Over 500 library, mental health and education supporters protested at the Capitol recently, urging Governor Haley Barbour to back off his budget proposal that advocates say cuts too much into critical state services.
The Mississippi House and Senate continue in a deadlock over passing a budget, while Gov. Haley Barbour recently traveled the state outlining a “compromise” spending plan he’s submitted. Some House lawmakers say the governor's recent plan would not cover funding for education, mental health facilities and other crucial programs.
A group of Democrats in the Mississippi House recently expressed concern that Republican Lt. Gov. Phil Bryant is asking them to undermine their authority by drawing House districts that would be more favorable to Republicans. Mississippi lawmakers are trying to determine legislative districts in the Democratic-controlled House and the Republican-controlled Senate districts to reflect changes revealed by the 2010 Census.
Legislators had two huge tasks ahead of them during this session. The first was to redraw district lines to reflect population shifts and the second task was to pass a budget.
Unless something turns around quickly at the Capitol, legislators could be facing failures on both, requiring an overtime session to pass a spending plan and a court battle to settle the redistricting battle.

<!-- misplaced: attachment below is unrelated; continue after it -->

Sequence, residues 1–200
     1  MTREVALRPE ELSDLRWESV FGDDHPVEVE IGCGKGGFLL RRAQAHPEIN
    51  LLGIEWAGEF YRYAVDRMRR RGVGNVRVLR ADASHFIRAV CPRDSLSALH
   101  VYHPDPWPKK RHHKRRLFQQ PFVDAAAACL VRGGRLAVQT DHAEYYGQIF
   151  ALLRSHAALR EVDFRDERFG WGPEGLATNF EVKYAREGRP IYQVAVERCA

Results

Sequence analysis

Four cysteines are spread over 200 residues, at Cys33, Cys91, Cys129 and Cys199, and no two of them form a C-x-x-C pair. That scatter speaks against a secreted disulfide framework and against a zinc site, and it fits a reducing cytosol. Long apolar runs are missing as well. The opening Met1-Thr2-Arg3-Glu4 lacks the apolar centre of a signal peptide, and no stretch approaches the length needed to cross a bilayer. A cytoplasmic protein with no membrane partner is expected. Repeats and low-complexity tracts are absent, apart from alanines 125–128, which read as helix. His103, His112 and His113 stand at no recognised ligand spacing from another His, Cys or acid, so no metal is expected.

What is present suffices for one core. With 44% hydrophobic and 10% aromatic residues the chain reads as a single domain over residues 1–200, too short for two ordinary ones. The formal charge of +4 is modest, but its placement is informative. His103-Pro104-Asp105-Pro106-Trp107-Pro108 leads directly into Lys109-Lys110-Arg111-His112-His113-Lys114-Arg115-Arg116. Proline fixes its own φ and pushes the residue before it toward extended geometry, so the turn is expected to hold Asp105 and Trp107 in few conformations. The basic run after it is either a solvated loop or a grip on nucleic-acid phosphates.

Current discussions over a possible $5.55 billion budget negotiation came to a halt after lawmakers found out that Gov. Haley Barbour wants to add another $180 million in spending cuts.
Governor Barbour claimed the preliminary numbers adopted by lawmakers would spend nearly $58 million more in FY 2012 than the state is spending now, would leave only $155 million in reserves, and would spend more than $507 million in non-recurring money on expenses that occur year after year.
The Mississippi Senate recently turned down a vote, which would have rejuvinated negotiations over legislative district boundaries. The vote took place after a group of the chamber's Republican members met behind closed doors with Lt. Gov. Phil Bryant.
Sen. Hob Bryan, D-Amory, tried to implement a maneuver that would have allowed the Senate to vote on its map of new Senate districts that it and the House had already approved. He couldn't gain enough votes in the Senate to pass the measure.
The Mississippi redistricting process is loaded with high stakes. The process could determine the state Democratic Party’s last bid for power and control of the House. Redistricting outcomes could also affect Gov. Haley Barbour’s potential bid in the presidential election and Lt. Gov. Phil Bryant’s gubernatorial aspirations. Most importantly, the process could consume taxpayer money and voter goodwill. Redistricting is at a stadoff and locked in a partisan battle between the Senate and House.
A majority of the state's pension board said they will not support skipping a taxpayer-funded increase next year to bolster the retirement system. Gov. Haley Barbour suggested that course of action, and the state Senate recently passed legislation to back his plan. Meanwhile, when interviewd by The Clarion Ledger, several pension board members stated they would oppose any efforts to skip the funding increase that actuaries had suggested to keep the funding solvent.